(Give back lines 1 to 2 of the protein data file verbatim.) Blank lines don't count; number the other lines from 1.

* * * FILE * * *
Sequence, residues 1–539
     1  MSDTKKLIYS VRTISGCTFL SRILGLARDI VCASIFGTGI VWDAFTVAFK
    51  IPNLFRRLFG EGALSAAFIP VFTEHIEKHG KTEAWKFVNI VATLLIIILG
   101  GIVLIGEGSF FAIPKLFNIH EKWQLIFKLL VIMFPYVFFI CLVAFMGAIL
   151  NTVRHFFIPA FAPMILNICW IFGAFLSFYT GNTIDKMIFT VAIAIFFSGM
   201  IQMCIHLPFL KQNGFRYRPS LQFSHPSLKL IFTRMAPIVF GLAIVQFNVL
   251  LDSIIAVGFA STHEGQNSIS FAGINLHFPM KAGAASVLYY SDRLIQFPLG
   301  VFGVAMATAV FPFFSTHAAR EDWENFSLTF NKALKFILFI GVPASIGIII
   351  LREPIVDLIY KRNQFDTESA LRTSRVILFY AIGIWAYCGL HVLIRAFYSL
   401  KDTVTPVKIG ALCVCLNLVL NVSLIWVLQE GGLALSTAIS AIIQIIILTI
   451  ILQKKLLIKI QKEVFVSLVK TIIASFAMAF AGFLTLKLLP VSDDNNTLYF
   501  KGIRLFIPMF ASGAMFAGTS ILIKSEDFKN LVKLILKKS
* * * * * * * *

Sequence, residues 1–539
     1  MSDTKKLIYS VRTISGCTFL SRILGLARDI VCASIFGTGI VWDAFTVAFK